Despite numerous challenges, including counterproductive federal policies and now a global pandemic, New Mexico policy-makers and local non-profit organizations are working together to make sure all New Mexicans are counted during the 2020 Census.
This revision is not acceptable, it targets immigrant families who are already residing legally in the United States, and it does not reflect America’s historical tradition of welcoming those seeking to make a better life. But there is still time stop this rule from being implemented.
Given New Mexico’s substantial immigrant population and that group’s important contributions to our state – which includes paying taxes – it is essential that we enact policies that promote opportunity for all families. During the 2019 New Mexico legislative session, lawmakers passed several bills that will have broad benefits to immigrants, their families, and the state as a whole.
Communities of color have been disproportionately impacted by incarceration even though studies show they commit crimes at similar rates to whites. African Americans in New Mexico are more than six times likelier to be incarcerated as whites and Hispanics are about two times likelier. Women who are mothers are also disproportionately represented. The overall inequity in our justice system has dire consequences for the health and well-being of our families.
A proposed rule change by the Trump administration may lead to thousands of New Mexico children not receiving health insurance and food assistance even though they're eligible -- all because of where their parents were born. Find out more about 'public charge' and what you can do to help stop these changes.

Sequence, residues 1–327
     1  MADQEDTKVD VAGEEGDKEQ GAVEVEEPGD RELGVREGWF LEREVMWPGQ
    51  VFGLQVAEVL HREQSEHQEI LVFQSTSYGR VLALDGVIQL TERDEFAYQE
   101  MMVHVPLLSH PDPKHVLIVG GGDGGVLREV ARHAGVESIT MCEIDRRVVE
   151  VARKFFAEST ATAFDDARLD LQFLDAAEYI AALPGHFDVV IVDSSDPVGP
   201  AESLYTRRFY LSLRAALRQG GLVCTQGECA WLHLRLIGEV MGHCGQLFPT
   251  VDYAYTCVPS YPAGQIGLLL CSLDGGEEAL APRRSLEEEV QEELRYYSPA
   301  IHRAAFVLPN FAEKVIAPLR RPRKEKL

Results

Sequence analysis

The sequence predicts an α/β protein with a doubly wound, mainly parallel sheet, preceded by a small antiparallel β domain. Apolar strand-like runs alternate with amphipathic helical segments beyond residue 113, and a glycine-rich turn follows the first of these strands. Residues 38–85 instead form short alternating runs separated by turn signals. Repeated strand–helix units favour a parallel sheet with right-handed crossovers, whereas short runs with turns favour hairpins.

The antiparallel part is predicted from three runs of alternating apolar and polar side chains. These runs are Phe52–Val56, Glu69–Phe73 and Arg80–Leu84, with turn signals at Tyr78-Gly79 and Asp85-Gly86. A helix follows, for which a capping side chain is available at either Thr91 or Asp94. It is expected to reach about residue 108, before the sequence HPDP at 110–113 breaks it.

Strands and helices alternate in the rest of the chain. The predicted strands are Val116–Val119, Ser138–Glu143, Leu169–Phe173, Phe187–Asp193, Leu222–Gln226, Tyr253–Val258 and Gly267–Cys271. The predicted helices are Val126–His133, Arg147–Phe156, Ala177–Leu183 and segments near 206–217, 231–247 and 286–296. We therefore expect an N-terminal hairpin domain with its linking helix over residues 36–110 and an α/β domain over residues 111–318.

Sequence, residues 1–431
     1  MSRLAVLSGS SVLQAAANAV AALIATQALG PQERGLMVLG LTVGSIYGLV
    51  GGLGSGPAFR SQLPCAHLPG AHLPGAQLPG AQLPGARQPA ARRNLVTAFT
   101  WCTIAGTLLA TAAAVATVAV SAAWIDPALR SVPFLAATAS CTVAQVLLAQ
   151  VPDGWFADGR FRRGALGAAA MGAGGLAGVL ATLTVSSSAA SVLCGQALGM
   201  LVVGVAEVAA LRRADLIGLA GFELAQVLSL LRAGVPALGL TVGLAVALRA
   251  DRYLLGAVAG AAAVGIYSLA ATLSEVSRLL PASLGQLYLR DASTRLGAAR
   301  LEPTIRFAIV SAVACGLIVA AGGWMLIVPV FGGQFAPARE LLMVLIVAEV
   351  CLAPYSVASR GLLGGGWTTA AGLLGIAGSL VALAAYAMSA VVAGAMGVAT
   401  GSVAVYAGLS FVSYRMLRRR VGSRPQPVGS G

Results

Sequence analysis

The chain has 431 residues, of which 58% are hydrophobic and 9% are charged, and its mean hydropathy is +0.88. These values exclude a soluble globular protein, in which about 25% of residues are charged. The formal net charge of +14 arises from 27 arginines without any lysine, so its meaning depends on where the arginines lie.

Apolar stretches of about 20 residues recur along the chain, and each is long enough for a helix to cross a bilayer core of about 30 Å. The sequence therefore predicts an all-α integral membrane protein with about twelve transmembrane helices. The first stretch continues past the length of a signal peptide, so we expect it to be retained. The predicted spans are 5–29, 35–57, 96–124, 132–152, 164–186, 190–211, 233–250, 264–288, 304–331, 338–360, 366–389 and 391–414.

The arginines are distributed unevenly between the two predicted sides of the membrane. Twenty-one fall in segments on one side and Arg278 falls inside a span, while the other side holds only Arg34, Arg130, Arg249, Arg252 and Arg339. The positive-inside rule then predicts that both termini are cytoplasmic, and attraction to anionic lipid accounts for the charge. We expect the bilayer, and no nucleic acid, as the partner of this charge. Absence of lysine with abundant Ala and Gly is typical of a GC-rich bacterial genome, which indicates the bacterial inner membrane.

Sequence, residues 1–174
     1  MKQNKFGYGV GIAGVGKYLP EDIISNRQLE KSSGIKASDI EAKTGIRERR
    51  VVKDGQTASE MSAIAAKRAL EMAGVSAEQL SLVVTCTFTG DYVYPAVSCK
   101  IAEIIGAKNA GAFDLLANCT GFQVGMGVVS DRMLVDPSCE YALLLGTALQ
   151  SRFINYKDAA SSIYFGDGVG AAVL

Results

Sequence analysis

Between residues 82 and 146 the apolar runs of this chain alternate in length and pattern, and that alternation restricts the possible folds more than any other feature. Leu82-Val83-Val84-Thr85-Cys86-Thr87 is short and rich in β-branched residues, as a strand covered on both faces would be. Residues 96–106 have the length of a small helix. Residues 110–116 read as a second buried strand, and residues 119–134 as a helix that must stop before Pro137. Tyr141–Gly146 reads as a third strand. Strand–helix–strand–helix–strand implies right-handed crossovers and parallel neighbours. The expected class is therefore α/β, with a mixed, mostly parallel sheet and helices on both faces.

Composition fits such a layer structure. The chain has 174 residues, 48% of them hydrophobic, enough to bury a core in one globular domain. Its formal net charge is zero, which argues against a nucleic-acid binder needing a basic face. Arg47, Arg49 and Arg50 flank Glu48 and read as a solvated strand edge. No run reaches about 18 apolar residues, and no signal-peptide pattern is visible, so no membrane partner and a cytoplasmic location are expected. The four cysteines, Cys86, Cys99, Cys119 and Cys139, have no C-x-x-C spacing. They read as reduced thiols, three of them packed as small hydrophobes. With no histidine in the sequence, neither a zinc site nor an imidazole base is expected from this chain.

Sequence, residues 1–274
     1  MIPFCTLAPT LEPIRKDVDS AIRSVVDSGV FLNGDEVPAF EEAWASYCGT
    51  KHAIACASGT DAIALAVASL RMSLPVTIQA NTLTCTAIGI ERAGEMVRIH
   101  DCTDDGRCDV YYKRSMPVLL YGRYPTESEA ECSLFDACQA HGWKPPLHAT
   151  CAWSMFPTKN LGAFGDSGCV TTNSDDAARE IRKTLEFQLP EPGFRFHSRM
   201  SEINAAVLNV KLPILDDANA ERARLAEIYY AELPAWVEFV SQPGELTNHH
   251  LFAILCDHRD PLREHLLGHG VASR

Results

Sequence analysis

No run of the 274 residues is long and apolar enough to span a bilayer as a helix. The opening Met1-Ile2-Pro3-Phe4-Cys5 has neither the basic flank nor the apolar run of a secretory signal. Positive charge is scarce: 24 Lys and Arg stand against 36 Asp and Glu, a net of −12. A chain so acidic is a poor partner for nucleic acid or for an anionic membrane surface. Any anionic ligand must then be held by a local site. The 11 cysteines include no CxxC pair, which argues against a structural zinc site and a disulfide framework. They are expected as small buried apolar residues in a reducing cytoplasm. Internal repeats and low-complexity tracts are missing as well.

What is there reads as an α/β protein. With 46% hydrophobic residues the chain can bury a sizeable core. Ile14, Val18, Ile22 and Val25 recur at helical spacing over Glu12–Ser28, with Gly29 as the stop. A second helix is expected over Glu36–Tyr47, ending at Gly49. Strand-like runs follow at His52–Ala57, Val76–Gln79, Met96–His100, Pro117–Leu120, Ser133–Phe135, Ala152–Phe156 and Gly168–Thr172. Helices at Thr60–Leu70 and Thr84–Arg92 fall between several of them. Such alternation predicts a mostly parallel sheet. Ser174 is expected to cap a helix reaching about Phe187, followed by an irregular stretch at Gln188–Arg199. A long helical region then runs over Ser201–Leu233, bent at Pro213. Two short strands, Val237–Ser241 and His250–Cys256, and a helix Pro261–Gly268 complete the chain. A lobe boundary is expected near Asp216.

Election issues are at the very heart of the values that matter most to us and our families – educating our children; improving our communities; and protecting our rights, safety and the world around us.
The recent decision to include a question on citizenship status in the 2020 decennial Census is certain to increase the number of people who won’t respond to the census. And that’s exactly the political motivation behind the decision to include a question that hasn’t been asked since 1950. This change will be particularly bad for New Mexico.
When it comes to the census, it pays to be counted. The next big census is less than three years away, and a lot is at stake for New Mexico. Besides being used to determine voting districts, data from the 2020 census will translate to almost $3,000 coming into the state per person, per year for the next decade.
Besides being a champion of conservation, President Obama has used the Antiquities Act to celebrate important American stories and preserve their birthplaces for future generations. By preserving the epicenters where critical turning points in our nation’s history were made—many of them driven by the need to right societal wrongs―we are commemorating the tapestry that is America and telling the story of the richness and diversity of our country.
New Mexico politics will be getting an extreme makeover this year. It’s not just a presidential year. Four of the five members of our congressional delegation are being chosen and all 112 members of the state legislature are up for election. Nearly 20 current state legislators have chosen to give up their seat this year, and that alone will mean big changes are coming.